Wild or Field Parsnip – Flowers

Madnep; Tank

(Pastinaca sativa) Carrot family

Flowers—Dull or greenish yellow, small, without involucre or involucels ; borne in 7 to 15 rayed umbels, 2 to 6 in. across. Stem : 2 to 5 ft. tall, stout, smooth, branching, grooved, from a long, conic, fleshy, strong-scented root. Leaves: Compounded (pinnately), of several pairs of oval, lobed, or cut, sharply toothed leaflets ; the petioled lower leaves often 1 1/2 ft. long.

Preferred Habitat—Waste places, roadsides, fields.

Flowering Season—June—September.

Distribution—Common throughout nearly all parts of the United States and Canada. Europe.

Men are not the only creatures who feed upon such of the umbel-bearing plants as are innocent—parsnips, celery, parsley, carrots, caraway, and fennel, among others; and even those which contain properties that are poisonous to highly organized men and beasts, afford harmless food for insects. Pliny says that parsnips, which were cultivated beyond the Rhine in the days of Tiberius, were brought to Rome annually to please the emperor’s exacting palate; yet this same plant, which has overrun two continents, in its wild state (when its leaves are a paler yellowish green than under cultivation) often proves poisonous. A strongly acrid juice in the very tough stem causes intelligent cattle to let it alone—precisely the object desired. But caterpillars of certain swallow-tail butterflies, particularly of the common eastern swallow-tail (Papilio asterias), may be taken on it—the same greenish, black-banded, and yellow-dotted fat ” worm ” found on parsnips, fennel, and parsley in the kitchen garden. Insects understood plant relationships ages be-. fore Linnaeus defined them. When we see this dark, velvety butterfly, marked with yellow, hovering above the wild parsnip, we may know she is there only to lay eggs that her larvae may eat their way to maturity on this favorite food store. After the flat, oval, shining seeds with their conspicuous oil tubes are set in the spreading umbels, the strong, vigorous plant loses nothing of its decorative charm.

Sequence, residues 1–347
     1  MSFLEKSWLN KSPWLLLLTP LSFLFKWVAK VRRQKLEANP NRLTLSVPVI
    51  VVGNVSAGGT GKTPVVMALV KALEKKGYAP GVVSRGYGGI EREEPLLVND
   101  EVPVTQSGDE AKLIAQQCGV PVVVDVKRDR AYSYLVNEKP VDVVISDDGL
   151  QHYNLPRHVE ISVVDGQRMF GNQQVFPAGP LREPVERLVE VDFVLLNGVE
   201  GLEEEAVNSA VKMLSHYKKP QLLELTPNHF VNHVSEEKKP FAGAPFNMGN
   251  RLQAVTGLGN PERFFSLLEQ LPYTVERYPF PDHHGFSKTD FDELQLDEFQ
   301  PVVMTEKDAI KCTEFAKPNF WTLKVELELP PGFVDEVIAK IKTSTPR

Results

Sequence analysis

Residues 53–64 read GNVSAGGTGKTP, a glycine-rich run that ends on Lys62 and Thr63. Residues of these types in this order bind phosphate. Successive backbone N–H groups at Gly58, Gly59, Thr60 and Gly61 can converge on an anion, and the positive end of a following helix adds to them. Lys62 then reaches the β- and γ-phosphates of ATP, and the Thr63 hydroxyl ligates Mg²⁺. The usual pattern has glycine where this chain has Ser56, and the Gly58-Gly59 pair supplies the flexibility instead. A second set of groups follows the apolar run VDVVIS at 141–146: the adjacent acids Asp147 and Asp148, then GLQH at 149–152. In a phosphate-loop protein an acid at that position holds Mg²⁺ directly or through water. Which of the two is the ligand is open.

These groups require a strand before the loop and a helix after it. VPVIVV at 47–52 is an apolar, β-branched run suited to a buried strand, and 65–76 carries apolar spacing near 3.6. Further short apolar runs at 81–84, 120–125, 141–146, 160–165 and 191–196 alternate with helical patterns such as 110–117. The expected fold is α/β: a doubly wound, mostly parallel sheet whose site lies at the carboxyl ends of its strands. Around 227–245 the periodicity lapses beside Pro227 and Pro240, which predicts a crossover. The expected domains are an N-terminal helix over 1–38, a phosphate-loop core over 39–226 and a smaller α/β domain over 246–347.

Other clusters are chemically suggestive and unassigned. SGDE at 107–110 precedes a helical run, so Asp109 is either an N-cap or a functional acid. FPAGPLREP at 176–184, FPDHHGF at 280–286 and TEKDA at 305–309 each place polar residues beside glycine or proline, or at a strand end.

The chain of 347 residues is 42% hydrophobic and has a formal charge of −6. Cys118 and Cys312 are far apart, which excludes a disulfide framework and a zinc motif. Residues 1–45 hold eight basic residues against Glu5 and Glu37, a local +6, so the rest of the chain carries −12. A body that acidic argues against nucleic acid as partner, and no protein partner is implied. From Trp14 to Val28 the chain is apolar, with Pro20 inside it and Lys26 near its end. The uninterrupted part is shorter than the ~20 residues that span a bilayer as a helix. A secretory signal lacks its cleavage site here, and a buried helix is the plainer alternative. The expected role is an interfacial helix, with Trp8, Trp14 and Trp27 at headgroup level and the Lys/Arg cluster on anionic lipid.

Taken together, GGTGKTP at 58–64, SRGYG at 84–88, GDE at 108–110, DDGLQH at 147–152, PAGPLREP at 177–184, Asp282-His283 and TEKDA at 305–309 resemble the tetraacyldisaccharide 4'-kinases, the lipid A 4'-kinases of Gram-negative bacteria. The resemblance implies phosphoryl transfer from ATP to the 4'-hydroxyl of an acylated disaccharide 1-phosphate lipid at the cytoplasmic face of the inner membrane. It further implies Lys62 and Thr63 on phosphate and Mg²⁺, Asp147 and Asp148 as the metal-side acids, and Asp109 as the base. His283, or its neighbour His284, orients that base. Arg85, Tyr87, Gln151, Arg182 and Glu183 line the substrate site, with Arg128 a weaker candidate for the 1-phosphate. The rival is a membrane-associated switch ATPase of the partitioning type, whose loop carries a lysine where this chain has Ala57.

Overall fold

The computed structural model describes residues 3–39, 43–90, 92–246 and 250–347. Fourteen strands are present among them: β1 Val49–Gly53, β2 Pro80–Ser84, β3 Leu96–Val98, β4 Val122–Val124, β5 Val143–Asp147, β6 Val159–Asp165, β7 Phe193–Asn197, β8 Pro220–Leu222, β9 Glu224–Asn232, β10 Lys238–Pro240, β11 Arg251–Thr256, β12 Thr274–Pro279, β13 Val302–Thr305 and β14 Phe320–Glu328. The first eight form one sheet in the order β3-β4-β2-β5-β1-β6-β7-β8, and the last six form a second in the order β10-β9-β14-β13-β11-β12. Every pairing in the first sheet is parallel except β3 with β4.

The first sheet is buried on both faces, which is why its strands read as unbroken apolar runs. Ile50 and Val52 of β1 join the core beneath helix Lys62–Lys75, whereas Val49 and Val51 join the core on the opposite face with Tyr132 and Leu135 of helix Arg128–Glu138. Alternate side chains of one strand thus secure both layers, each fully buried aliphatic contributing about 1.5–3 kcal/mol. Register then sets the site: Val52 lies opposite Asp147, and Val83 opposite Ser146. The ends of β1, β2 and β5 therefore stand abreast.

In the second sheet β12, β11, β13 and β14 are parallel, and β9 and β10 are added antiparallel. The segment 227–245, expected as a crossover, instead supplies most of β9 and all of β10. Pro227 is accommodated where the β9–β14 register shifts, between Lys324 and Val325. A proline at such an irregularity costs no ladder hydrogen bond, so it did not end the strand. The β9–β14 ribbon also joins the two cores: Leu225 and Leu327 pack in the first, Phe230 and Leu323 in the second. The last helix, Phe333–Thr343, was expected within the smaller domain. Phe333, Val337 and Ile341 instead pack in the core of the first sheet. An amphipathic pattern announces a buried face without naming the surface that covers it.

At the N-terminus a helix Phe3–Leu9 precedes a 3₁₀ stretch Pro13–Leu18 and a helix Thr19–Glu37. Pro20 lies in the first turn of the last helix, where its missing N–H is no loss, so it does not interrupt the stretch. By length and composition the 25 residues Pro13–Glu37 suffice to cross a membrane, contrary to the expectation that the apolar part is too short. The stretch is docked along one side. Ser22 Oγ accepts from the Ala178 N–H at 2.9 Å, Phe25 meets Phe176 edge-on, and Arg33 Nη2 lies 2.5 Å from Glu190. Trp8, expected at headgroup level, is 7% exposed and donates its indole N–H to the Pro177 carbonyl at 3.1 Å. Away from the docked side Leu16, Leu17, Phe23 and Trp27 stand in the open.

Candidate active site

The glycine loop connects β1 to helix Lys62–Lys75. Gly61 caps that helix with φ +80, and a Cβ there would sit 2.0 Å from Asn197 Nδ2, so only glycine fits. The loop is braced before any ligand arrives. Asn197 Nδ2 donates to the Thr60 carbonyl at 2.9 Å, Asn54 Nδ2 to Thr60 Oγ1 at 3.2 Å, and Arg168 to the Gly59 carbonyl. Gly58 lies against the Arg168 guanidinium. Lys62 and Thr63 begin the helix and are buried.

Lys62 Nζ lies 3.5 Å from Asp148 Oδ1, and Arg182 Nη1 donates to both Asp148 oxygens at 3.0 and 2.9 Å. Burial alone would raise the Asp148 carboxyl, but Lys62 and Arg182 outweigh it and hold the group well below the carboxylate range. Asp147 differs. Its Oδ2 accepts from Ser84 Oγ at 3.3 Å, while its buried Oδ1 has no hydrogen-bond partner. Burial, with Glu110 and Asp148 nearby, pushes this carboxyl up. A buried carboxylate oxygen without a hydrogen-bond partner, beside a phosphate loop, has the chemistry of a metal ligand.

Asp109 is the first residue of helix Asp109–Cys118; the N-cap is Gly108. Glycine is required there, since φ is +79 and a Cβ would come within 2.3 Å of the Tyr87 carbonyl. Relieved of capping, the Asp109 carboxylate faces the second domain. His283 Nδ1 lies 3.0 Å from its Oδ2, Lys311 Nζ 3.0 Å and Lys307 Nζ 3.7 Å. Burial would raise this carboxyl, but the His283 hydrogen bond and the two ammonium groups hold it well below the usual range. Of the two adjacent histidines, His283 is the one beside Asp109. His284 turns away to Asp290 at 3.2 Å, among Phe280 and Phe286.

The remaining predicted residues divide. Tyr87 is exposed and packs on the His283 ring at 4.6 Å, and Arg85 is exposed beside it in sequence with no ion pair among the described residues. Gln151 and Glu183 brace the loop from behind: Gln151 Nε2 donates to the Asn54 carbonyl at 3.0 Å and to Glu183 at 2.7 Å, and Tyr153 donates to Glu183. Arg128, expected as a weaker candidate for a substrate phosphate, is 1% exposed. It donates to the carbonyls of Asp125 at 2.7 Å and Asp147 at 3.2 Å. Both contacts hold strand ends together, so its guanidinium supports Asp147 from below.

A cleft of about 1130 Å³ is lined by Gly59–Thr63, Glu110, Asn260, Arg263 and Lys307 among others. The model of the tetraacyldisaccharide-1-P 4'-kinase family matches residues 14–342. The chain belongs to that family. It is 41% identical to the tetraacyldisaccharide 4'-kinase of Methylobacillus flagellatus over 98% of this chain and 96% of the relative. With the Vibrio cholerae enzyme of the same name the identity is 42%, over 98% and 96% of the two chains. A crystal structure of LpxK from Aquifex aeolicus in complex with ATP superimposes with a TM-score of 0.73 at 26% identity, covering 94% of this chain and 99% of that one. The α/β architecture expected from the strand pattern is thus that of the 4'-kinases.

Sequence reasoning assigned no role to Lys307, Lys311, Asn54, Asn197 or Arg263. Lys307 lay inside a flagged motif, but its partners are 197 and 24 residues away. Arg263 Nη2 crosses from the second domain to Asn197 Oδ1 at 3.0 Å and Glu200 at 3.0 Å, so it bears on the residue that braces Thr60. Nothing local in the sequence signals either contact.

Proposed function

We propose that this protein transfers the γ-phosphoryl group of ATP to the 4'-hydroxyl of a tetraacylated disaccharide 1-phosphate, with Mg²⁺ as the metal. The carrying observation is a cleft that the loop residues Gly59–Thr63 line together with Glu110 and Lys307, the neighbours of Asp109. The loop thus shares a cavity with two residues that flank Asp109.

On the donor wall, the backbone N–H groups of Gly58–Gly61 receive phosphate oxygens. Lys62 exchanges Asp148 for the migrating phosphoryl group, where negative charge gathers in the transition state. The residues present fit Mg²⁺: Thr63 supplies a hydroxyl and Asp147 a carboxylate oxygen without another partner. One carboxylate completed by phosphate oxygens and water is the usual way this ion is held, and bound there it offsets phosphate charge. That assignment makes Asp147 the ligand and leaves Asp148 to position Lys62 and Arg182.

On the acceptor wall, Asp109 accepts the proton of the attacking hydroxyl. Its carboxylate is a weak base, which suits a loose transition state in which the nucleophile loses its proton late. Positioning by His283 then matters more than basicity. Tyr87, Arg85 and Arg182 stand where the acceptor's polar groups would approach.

From April to June the lower-growing Early or Golden Meadow Parsnip (Zizia aurea) spreads its clearer yellow umbels above moist fields, meadows, and swamps from New Brunswick and Dakota to the Gulf of Mexico. Its leaves are twice or thrice compounded of oblong, pointed, saw-edged, but not lobed leaflets.

The Hairy-jointed Meadow Parsnip (Thaspium barbinode), another early bloomer, with pale-yellow flowers, most common in the Mississippi basin, may always be distinguished by the little tufts of hair at the joints of the stem, the compound leaves, and often on the rays of the umbels.

A yellow variety of the purple meadow parsnip, which is popularly known as Golden Alexanders (T. trifoliatum var. aureum), confines itself chiefly to woodlands. The leaves are compounded of three leaflets, longer and more lance-shaped in outline than those of other yellow species.